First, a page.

Reflecting Absence: 9/11 Memorial and Museum in NYC

Every American, if they are old enough, has their own memory of that day, the 11th of September, 2001. A surprising number remember, of all things, the incredibly deep blue sky that yielded the planes which were the instruments of terror that day.

A view of lower Manhattan from Brooklyn, taken around 8:30 a.m. September 11, 2001;
this is believed to be the last known photo of the Twin Towers, taken by a tourist.

The targets, of course, were the World Trade Center in New York City, the Pentagon in Washington DC and, most likely, the Capitol Building — symbols of America’s financial, military and political influence on the world. As we watched — most of us watching on TV after the first plane struck the North Tower — aghast as subsequent planes hit the South Tower and then the Pentagon and then one diving into a field in Pennsylvania, our perspective changed forever. There is America pre-9/11 and America post-9/11, and a world of difference in between.

This art installation is called, “Trying to Remember the Color of the Sky That Morning.”
Behind it, the unidentified remains of 1,115 victims are interred, until they can be identified.

The memorial and the museum are hallowed ground: In a ceremony on May 10, 2014, the unidentified remains of 1,115 victims were transferred from the city medical examiner to Ground Zero, where they were placed in a space in the bedrock 70 feet below ground as part of the 9/11 Memorial Museum.

The museum displays monumental artifacts linked to the events of 9/11, including part of the antenna that stood atop the North Tower, a fire truck from Ladder Company 3 — an organization which suffered 100% casualties when the towers collapsed, and gnarled remnants from the Twin Towers themselves.

The memorial is startlingly simple: a grove of swamp white oaks with two square reflecting pools marking where the Twin Towers had stood; water falls from the parapets down to the reflecting pools and then down again in the center. You cannot see, from any angle, the bottom of that innermost waterfall, an unfathomable deepness, a reflection of the absence of the buildings and the victims themselves.

The waterfalls are intended to mute the noise of the city, making the site a contemplative sanctuary. The names of the victims of the attacks, including the more than 400 first responders who died in the towers, those in the Pentagon, American Airlines Flight 77, United Airlines Flight 93, and the 1993 World Trade Center bombing, are inscribed on the parapets surrounded the waterfalls in an arrangement of “meaningful adjacency.”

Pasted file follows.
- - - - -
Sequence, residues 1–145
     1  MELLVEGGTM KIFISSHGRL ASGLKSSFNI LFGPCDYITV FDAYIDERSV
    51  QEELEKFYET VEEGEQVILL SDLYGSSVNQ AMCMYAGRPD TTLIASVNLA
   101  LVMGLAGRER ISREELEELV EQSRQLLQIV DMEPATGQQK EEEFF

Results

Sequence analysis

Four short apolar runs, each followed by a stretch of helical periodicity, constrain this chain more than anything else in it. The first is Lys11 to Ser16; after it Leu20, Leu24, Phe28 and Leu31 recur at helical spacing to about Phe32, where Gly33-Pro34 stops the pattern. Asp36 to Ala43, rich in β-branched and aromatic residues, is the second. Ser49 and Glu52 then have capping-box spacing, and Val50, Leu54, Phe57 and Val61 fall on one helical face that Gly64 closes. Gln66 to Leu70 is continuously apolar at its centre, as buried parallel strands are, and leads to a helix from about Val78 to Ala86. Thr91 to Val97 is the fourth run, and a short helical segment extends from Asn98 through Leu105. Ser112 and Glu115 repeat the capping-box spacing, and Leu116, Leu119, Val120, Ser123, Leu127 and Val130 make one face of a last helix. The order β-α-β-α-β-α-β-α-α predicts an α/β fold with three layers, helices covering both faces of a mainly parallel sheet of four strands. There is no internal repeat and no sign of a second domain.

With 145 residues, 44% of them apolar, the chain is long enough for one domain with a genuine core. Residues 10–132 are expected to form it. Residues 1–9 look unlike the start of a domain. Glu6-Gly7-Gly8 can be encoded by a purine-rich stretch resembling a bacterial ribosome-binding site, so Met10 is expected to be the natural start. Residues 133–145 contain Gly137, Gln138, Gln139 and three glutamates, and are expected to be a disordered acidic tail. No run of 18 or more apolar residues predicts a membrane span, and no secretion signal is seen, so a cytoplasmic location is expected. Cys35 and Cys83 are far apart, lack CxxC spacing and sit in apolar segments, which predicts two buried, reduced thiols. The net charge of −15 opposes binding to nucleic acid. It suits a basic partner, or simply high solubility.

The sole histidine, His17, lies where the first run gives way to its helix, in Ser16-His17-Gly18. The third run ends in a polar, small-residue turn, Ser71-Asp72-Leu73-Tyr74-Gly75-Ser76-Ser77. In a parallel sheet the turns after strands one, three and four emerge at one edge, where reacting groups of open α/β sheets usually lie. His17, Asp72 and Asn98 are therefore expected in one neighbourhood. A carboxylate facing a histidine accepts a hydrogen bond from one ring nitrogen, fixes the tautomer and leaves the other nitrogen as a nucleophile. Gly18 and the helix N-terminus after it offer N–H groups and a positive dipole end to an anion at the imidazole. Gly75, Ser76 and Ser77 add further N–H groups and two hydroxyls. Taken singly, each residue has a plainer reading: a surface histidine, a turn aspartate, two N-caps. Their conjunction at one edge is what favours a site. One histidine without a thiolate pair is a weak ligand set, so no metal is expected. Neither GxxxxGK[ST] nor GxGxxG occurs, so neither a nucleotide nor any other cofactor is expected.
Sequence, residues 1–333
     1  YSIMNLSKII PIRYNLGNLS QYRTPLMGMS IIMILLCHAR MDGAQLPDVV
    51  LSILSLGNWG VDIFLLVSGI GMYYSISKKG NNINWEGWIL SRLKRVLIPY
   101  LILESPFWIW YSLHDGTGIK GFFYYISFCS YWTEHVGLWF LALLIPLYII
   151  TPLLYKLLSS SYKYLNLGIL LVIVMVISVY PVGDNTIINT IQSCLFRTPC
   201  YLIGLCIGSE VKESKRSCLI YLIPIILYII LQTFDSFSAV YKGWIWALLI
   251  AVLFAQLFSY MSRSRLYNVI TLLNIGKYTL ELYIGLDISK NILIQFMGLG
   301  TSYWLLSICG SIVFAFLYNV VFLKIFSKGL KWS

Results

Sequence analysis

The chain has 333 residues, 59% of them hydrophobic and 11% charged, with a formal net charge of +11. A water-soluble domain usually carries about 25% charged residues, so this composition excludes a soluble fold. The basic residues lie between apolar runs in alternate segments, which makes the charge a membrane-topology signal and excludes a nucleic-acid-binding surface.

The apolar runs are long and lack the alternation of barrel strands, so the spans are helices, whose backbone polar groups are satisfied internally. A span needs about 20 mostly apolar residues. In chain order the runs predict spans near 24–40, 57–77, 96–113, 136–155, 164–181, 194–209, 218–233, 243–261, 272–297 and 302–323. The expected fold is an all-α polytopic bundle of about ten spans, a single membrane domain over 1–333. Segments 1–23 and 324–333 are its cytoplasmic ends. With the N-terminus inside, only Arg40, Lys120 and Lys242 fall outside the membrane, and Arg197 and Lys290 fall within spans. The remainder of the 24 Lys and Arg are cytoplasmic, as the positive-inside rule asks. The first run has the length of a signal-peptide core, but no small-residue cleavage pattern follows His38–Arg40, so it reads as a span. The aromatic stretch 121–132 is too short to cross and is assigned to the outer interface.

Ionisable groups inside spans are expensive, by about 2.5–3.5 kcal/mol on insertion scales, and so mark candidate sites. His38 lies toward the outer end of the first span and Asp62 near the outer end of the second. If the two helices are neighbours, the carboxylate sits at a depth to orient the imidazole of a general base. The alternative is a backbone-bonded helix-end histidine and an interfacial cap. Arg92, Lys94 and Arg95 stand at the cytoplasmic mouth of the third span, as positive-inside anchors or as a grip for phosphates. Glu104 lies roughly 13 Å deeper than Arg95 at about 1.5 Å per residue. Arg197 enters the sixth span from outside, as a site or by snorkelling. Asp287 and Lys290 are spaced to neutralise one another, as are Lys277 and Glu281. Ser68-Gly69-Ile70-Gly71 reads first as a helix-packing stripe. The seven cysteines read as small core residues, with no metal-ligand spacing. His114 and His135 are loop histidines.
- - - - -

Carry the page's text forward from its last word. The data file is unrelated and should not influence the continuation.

To celebrate their lives, rather than their deaths, victims’
birthdays are memorialized annually with white roses.

The September 11 Museum was dedicated on May 15, 2014, and opened to the public on May 21. Its collection includes more than 40,000 images, 14,000 artifacts, more than 3,500 oral recordings, and more than 500 hours of video.

The underground museum has artifacts from September 11, 2001, including steel from
the Twin Towers (such as the Last Column, the last piece of steel to leave Ground Zero in May 2002).

By demonstrating “the consequences of terrorism on individual lives and its impact on communities at the local, national and international levels,” the Museum seeks to “attest to the triumph of human dignity over human depravity and affirm an unwavering commitment to the fundamental value of human life.”

Survivors’ stairs

We owe it to our future selves to remember the impact of 9/11 on the families whose loved ones are not returning home, on our country that is still fighting an ongoing war on terrorism, on an impingement on our freedoms that pre-9/11, we took for granted. Visiting the memorial and the museum reminded me of what we have lost, and what we have gained in the years since.

The original footprint of the Twin Towers still remain.

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The twisted beams almost look like sculpture.